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Pausing Pygame

Sometimes when developing games, what you see on the screen happens too fast for you to make sense of it. You can try print statements, or you can take the time to learn an external debugger, which would probably be overkill for what you want it to do right now. One solution i've found when writing games for pygame is to just not let the main while loop finish until you're ready. To that end, I did this:

    keepGoing = True
    while keepGoing:
        for event in pygame.event.get():
            if event.type == pygame.QUIT:
                keepGoing = False
        NextFrame = False
        while not NextFrame:
            for event in pygame.event.get():
                if event.type == pygame.QUIT:
                    keepGoing = False
                if event.type == pygame.KEYDOWN:
                    NextFrame = True

This code allows no further input when it is running. Since you're waiting on this to finish, this means that you have literally no input. Also, it isn't possible to go backward. A keypress on any key will let it move onto the next frame. To use, just add the last while loop to the end of your main loop, as shown

Storing a timedelta in a sqlite3 database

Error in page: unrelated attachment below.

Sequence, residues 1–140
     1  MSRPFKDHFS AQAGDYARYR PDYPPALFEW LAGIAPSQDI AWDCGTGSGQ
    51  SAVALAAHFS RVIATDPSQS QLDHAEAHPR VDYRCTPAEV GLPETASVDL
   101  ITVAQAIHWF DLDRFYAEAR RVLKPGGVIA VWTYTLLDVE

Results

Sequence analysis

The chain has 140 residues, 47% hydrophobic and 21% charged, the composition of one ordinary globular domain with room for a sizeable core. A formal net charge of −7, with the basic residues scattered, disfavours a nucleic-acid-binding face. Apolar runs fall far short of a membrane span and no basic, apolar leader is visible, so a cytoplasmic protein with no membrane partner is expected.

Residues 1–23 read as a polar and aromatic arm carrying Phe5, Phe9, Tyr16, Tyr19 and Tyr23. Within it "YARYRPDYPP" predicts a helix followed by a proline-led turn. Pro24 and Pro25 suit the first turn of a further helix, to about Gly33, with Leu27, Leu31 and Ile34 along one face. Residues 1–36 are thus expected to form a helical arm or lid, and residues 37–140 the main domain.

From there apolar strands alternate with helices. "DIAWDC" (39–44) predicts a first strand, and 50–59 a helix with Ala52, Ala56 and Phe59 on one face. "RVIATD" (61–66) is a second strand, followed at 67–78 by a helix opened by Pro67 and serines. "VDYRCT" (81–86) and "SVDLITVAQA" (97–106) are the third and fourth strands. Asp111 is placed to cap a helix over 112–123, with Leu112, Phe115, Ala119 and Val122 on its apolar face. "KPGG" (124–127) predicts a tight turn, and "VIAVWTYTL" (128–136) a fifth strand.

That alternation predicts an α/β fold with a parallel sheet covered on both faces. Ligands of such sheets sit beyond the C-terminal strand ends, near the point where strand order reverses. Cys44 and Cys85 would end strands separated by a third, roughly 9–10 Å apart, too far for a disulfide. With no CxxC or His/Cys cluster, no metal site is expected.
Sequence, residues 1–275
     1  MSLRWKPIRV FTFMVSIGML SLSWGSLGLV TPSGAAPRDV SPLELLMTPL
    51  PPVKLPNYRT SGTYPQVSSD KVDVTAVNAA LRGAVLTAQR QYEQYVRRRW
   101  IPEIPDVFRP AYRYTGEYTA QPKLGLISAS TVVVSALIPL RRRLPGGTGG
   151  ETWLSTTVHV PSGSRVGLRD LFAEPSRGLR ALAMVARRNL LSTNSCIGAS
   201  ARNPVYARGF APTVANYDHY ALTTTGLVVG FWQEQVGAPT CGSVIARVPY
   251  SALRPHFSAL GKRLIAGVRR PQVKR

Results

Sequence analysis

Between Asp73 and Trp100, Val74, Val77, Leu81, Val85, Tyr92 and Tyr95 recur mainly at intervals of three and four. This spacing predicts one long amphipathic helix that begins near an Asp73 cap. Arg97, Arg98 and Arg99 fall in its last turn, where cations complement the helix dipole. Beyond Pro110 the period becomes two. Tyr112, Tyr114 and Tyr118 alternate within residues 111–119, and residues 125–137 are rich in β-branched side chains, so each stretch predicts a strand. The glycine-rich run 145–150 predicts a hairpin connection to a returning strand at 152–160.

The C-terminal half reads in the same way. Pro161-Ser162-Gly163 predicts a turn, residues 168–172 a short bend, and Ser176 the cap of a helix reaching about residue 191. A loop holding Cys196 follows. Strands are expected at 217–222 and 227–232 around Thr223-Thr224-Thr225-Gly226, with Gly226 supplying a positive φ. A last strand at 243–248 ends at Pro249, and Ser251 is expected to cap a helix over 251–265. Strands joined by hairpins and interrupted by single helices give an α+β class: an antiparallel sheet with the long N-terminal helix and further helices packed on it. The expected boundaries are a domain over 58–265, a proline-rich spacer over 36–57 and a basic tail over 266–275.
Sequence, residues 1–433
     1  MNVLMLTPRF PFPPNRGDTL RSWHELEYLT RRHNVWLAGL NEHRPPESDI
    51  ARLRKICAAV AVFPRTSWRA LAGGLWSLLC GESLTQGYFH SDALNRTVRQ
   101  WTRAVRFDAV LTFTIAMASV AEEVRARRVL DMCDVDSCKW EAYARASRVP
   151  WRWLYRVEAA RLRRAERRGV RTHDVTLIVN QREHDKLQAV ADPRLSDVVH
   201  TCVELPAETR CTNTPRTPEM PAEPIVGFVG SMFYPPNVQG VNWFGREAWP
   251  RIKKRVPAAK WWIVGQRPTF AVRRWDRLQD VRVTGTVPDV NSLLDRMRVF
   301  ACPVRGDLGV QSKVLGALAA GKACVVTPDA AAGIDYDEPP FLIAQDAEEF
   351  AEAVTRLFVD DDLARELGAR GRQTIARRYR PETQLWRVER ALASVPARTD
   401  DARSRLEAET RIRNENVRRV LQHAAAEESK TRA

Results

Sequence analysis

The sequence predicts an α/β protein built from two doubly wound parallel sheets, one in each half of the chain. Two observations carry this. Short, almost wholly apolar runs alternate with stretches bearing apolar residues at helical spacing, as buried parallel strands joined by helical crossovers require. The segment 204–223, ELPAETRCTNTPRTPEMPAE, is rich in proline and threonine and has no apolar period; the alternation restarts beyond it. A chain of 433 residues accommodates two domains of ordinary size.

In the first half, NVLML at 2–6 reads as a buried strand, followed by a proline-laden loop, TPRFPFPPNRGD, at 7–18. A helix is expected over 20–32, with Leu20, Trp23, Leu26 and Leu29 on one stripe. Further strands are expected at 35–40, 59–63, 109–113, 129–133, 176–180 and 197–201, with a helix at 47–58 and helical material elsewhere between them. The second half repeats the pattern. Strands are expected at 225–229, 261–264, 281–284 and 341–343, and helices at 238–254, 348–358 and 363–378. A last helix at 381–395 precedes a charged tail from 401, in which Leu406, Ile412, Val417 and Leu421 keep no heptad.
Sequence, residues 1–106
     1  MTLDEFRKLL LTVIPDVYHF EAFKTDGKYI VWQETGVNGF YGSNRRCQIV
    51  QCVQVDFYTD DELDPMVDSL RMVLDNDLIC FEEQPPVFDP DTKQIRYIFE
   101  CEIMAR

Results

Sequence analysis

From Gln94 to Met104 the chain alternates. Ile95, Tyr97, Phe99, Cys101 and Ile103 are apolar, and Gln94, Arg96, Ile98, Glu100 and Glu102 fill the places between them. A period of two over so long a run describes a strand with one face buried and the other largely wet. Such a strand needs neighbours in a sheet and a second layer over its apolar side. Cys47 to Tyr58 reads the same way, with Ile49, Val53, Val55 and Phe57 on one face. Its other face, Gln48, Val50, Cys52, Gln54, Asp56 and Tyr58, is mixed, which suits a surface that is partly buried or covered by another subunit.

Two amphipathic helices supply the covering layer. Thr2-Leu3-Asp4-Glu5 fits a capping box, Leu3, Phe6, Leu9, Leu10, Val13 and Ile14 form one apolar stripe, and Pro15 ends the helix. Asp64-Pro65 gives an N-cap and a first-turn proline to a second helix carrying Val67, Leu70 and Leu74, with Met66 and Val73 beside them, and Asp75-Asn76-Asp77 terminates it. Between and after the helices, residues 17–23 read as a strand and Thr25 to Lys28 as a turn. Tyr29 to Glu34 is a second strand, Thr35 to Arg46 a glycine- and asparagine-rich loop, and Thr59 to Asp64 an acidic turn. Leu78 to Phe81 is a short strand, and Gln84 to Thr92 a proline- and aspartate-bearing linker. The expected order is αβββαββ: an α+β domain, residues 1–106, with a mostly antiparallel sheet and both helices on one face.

I found myself needing to store a datetime.timedelta object in a sqlite3 database. However, despite having adaptors for datetime.datetime objects, timedelta misses out. Through googling/irc, i found that it would be best to store the timedelta as a string. An alternative is to store the start and end times of the timedelta as datetime.datetime objects (which can be stored easily), however I chose not to.

The Code

def convertTime(t):
    """Converts a timedelta to a string. ignores days and annoying decimal places
    compatible with strToTD
    st = str(t)
    st = st.split(".")
    st[-1] = st[-1][:2]
    s = ":".join(st)
    return s
def strToTD(s):
    """converts a string that was a timedelta (having been converted using
    convertTime) back into a timedelta
    s = [int(x) for x in s.split(":")]
    ms = s[3]
    sec = s[2] + ms/100.0
    m = s[1]
    h = s[0]
    td = datetime.timedelta(hours = h, minutes = m, seconds = sec)#, microseconds = us)
    return td

While this is only good for up house:minute:seconds:micro/milli-seconds, it is an alternative to storing the start and end times